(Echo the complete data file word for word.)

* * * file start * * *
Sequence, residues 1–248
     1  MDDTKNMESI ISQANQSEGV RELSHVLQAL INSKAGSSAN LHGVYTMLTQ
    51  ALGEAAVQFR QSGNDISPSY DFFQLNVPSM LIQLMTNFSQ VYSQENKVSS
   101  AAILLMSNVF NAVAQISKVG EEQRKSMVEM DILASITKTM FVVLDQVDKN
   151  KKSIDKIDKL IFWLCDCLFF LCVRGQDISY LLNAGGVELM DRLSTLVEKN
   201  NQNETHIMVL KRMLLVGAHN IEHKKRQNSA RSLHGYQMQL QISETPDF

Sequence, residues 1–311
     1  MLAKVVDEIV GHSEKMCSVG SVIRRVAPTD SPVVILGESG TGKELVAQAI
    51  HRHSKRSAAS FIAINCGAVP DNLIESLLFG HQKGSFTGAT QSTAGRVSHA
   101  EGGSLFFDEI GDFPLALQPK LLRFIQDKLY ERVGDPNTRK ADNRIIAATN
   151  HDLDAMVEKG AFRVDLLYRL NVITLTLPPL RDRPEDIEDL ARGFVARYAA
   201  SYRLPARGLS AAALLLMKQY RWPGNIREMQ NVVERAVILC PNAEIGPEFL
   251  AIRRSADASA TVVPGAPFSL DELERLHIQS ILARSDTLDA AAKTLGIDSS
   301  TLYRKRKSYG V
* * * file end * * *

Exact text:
Sequence, residues 1–248
     1  MDDTKNMESI ISQANQSEGV RELSHVLQAL INSKAGSSAN LHGVYTMLTQ
    51  ALGEAAVQFR QSGNDISPSY DFFQLNVPSM LIQLMTNFSQ VYSQENKVSS
   101  AAILLMSNVF NAVAQISKVG EEQRKSMVEM DILASITKTM FVVLDQVDKN
   151  KKSIDKIDKL IFWLCDCLFF LCVRGQDISY LLNAGGVELM DRLSTLVEKN
   201  NQNETHIMVL KRMLLVGAHN IEHKKRQNSA RSLHGYQMQL QISETPDF

Sequence, residues 1–311
     1  MLAKVVDEIV GHSEKMCSVG SVIRRVAPTD SPVVILGESG TGKELVAQAI
    51  HRHSKRSAAS FIAINCGAVP DNLIESLLFG HQKGSFTGAT QSTAGRVSHA
   101  EGGSLFFDEI GDFPLALQPK LLRFIQDKLY ERVGDPNTRK ADNRIIAATN
   151  HDLDAMVEKG AFRVDLLYRL NVITLTLPPL RDRPEDIEDL ARGFVARYAA
   201  SYRLPARGLS AAALLLMKQY RWPGNIREMQ NVVERAVILC PNAEIGPEFL
   251  AIRRSADASA TVVPGAPFSL DELERLHIQS ILARSDTLDA AAKTLGIDSS
   301  TLYRKRKSYG V